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My First New Car

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My First New Car

A few months ago I bought my first new car. The number of choices to be made seemed a little ridiculous. I walked into the dealer knowing I wanted a green Ford Focus sedan, only to find out there were half a dozen models that fit into that category – Focus LX, LX Premium, SE, SE Comfort, ZTS, blah blah blah, and a couple shades of green.

In addition to the car model and color choices were decisions on options packages. And having seen the "pimped out" SUVs on MTV Cribs, complete with two or three LCD screens (one in the dashboard for the driver, of course), DVD player, speakers costing more than my college education, GPS navigation systems similar to those used in the Space Shuttle, heated seats, and 20 inch chrome wheels, my eyes were wide with opportunity. After checking on financing and whittling down the alternatives to what I might really need or want, I ended up with the most basic of standard packages.

Even the standard package in my car seems excessive. Three years ago, remote locks, power adjustable side mirrors, and advanced heating systems were a luxury, but today they are standard package necessities. My cup holders are adjustable to a few sizes, accommodating everything from an eight ounce coffee to a gluttonous fifty-two ounce Extreme Big Gulp. The stereo has twenty plus presets (with the large panel display of the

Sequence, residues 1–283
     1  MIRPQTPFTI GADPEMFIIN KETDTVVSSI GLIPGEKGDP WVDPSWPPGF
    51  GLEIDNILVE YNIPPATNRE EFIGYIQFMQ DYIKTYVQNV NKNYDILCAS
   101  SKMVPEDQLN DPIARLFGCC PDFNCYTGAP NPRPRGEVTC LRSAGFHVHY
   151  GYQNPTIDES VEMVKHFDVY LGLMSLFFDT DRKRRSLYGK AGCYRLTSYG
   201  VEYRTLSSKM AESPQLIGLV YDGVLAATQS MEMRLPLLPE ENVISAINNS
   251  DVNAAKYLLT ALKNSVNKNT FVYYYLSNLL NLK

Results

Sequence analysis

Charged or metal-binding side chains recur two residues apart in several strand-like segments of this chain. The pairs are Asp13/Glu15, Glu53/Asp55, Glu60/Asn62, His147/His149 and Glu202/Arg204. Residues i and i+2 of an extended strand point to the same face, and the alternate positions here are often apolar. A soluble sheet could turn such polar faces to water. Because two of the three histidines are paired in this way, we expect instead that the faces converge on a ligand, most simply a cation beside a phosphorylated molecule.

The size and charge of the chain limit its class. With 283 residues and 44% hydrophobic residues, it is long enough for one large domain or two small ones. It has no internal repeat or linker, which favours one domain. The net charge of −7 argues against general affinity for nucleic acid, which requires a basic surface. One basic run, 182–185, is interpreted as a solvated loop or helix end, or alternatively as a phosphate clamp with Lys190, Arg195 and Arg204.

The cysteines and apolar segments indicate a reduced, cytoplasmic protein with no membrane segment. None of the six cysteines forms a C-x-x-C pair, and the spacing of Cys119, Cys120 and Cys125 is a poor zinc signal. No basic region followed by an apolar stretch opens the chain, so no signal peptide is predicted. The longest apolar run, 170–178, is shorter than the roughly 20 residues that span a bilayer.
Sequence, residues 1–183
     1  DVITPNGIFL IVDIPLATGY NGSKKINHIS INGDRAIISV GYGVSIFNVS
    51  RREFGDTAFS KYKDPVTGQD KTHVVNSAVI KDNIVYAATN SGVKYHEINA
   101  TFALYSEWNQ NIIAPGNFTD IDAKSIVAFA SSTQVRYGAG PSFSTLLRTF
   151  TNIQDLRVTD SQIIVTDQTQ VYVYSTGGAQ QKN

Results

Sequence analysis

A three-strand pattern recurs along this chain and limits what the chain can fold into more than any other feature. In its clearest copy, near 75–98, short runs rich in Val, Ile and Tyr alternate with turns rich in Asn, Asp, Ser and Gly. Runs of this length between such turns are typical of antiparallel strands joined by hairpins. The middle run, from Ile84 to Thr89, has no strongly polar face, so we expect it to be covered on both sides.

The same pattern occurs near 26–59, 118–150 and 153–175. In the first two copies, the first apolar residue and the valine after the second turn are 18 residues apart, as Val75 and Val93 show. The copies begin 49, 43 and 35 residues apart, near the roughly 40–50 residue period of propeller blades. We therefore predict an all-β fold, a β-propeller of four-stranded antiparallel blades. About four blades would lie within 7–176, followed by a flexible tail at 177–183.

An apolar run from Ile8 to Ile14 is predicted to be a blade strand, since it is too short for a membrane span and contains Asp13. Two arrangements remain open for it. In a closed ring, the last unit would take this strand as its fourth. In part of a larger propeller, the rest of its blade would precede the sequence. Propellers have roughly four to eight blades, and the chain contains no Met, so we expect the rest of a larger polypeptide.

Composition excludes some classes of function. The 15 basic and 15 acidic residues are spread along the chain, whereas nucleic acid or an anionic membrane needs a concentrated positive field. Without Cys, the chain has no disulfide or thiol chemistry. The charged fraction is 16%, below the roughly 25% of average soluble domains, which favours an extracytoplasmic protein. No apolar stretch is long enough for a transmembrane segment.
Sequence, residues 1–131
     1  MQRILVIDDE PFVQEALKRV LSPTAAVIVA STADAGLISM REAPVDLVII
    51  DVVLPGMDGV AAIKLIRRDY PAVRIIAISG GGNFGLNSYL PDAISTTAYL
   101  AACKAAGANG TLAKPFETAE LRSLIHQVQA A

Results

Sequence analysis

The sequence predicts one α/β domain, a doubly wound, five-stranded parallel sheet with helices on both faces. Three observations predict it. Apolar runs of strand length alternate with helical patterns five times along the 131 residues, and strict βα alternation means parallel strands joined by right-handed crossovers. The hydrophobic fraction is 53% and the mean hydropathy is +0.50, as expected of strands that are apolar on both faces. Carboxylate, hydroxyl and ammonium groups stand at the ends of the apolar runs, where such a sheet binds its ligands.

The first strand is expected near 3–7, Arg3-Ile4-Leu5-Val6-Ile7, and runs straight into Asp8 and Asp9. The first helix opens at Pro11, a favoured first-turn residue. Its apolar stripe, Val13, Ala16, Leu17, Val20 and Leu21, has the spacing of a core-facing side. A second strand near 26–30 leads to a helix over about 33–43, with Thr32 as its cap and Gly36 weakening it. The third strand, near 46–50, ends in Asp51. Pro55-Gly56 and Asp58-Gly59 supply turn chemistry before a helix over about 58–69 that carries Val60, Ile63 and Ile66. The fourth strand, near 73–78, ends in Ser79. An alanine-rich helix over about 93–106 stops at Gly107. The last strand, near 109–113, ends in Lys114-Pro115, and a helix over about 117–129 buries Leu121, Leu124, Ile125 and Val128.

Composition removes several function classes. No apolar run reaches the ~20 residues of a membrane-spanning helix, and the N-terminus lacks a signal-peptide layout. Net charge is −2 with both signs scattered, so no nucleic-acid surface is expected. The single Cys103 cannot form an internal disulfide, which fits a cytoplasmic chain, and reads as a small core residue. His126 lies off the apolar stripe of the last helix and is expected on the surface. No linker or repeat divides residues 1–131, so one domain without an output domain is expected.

call sign, not just the radio frequency), an option to scan through channels searching only for stations playing a specified music genre, and of course adjustable treble and bass, which I'll never touch. The car manual, which had more pages dedicated to the stereo than the rest of the automobile, revealed a clever feature where I can program a volume for the radio to reset...

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...he was about to drive over...

When I look past what's inside the Ford Focus LX Premium versus the SE Comfort, I can see many of these technological advances for what they really are: unnecessary risks. The fact is that the number of accidents (and deaths) increases as a direct result of driver distractions, and more technology only provides more distraction. Unfortunately, manufacturers realize a high tech GPS system can sell for a lot more than an improved seat belt. Protection of human safety should be the primary concern of transportation regulations and in-vehicle technology developments. So while other people continue to drive while calling in to check voice mail, worrying about finishing off the Big Gulp Slurpee, and buying a GPS navigator to find the fastest route to grandma's house, I'll know I drove away from the dealership with the safest option: focus.
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